Background Checks | Brady Campaign to Prevent Gun Violence

Background Checks

Background Checks Keep Guns Out of Dangerous Hands

Signed into law in 1993, the Brady Bill put in place criminal background checks at federally licensed dealers designed to prevent dangerous people from purchasing guns.

What is a Brady background check?

Since the Brady Handgun Violence Prevention Act (or “Brady Law”) was enacted 25 years ago, it has blocked more than three million prohibited gun purchases and processed over 278 million purchase requests. When someone goes to a federally licensed dealer to buy a gun, the retailer contacts the FBI to run a background check. The FBI checks the National Instant Criminal Background Check System (NICS) to see if they are a felon, fugitive, domestic abuser or other prohibited purchaser. If the system reveals the buyer is legally barred from owning a gun, the sale is denied. Simply put, the Brady Law prevents guns from getting into dangerous hands.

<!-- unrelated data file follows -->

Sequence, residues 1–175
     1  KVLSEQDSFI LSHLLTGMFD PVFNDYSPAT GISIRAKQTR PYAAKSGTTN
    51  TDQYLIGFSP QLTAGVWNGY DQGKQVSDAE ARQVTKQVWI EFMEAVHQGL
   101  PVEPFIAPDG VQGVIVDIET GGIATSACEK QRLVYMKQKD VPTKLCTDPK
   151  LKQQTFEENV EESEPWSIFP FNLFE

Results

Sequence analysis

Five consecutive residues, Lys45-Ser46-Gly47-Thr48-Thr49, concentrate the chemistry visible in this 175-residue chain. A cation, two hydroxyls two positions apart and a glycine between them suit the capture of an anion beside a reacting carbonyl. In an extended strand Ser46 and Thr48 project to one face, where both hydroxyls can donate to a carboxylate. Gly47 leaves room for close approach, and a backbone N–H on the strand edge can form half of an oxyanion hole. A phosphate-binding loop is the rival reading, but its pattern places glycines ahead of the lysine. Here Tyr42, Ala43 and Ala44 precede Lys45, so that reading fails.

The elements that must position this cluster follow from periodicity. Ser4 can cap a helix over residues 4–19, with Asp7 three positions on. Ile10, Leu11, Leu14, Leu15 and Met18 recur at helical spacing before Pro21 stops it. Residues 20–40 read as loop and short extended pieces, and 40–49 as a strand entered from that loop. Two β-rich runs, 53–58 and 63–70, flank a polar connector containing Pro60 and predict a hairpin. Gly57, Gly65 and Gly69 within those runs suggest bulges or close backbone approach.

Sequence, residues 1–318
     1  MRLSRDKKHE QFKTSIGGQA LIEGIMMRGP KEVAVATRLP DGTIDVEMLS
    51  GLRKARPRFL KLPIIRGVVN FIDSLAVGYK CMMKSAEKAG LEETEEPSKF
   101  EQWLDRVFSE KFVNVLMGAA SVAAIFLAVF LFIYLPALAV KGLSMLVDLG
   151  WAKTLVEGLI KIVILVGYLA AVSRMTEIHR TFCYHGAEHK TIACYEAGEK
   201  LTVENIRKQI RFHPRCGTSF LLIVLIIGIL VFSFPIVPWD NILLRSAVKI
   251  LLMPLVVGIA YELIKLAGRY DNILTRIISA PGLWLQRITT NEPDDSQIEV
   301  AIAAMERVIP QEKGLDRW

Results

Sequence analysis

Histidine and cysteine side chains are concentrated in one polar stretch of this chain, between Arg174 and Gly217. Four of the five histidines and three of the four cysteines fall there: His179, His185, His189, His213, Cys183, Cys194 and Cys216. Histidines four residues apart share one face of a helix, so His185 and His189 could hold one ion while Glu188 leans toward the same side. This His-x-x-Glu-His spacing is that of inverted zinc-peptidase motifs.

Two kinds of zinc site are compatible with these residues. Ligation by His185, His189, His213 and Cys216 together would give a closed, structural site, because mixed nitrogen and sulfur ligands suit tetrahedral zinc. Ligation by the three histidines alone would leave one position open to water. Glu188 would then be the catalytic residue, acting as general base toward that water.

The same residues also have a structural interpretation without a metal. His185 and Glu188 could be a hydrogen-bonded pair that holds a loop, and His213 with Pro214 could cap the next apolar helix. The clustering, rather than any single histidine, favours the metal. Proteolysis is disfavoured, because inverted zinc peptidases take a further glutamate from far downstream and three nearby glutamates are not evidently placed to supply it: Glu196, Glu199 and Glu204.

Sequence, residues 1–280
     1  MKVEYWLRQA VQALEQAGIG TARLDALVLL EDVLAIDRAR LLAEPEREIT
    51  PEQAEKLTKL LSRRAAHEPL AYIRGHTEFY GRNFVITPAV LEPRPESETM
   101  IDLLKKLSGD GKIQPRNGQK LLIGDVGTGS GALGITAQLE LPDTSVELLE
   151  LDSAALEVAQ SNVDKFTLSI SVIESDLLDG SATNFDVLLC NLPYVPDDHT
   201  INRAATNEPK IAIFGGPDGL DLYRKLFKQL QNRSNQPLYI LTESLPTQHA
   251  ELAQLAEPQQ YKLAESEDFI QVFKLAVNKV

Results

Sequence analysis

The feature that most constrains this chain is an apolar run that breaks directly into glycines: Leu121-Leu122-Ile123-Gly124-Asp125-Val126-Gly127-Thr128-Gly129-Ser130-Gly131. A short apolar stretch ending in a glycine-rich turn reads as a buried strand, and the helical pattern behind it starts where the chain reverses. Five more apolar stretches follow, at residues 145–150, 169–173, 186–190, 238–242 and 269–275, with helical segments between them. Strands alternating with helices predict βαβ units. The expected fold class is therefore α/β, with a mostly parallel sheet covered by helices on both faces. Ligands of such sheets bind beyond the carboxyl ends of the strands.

Are There Loopholes?

The bottom line: background checks work. But the Brady Law only requires Federal Firearms Licensees (or FFLs) approved by the Department of Alcohol, Tobacco, Firearms, and Explosives to conduct background checks under federal law. About 1 in 5 gun sales today are conducted without a background check. That includes private sales at gun shows and on websites that sell guns online. These unregulated sales give prohibited buyers a way to purchase guns.

How We Fix It

It is long past time to expand lifesaving Brady background checks to every gun sale. The public agrees: a 2018 study found that 97 percent of Americans -- and 80 percent of gun owners -- support expanded background checks.

H.R. 8, which was introduced in the U.S. House of Representatives on January 8, 2019, would do just that. The bill would make it unlawful for anyone other than an FFL to transfer a firearm to an unlicensed person, unless they have conducted a background check according to the existing Brady Law. A similar bill, the Background Check Expansion Act, has been introduced in the U.S. Senate.

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